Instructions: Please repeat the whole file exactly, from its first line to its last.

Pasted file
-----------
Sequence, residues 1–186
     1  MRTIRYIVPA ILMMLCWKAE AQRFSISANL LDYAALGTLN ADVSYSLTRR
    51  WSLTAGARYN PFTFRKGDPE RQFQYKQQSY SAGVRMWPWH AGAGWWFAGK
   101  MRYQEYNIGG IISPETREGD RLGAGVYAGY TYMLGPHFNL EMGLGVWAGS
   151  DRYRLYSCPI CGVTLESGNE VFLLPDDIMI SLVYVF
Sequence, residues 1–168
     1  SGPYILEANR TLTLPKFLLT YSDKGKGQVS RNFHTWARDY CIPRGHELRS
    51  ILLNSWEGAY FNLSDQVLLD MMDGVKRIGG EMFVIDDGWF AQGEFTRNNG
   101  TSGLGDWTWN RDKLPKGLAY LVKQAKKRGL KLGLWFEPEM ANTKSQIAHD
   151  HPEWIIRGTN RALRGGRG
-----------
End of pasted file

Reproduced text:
Sequence, residues 1–186
     1  MRTIRYIVPA ILMMLCWKAE AQRFSISANL LDYAALGTLN ADVSYSLTRR
    51  WSLTAGARYN PFTFRKGDPE RQFQYKQQSY SAGVRMWPWH AGAGWWFAGK
   101  MRYQEYNIGG IISPETREGD RLGAGVYAGY TYMLGPHFNL EMGLGVWAGS
   151  DRYRLYSCPI CGVTLESGNE VFLLPDDIMI SLVYVF
Sequence, residues 1–168
     1  SGPYILEANR TLTLPKFLLT YSDKGKGQVS RNFHTWARDY CIPRGHELRS
    51  ILLNSWEGAY FNLSDQVLLD MMDGVKRIGG EMFVIDDGWF AQGEFTRNNG
   101  TSGLGDWTWN RDKLPKGLAY LVKQAKKRGL KLGLWFEPEM ANTKSQIAHD
   151  HPEWIIRGTN RALRGGRG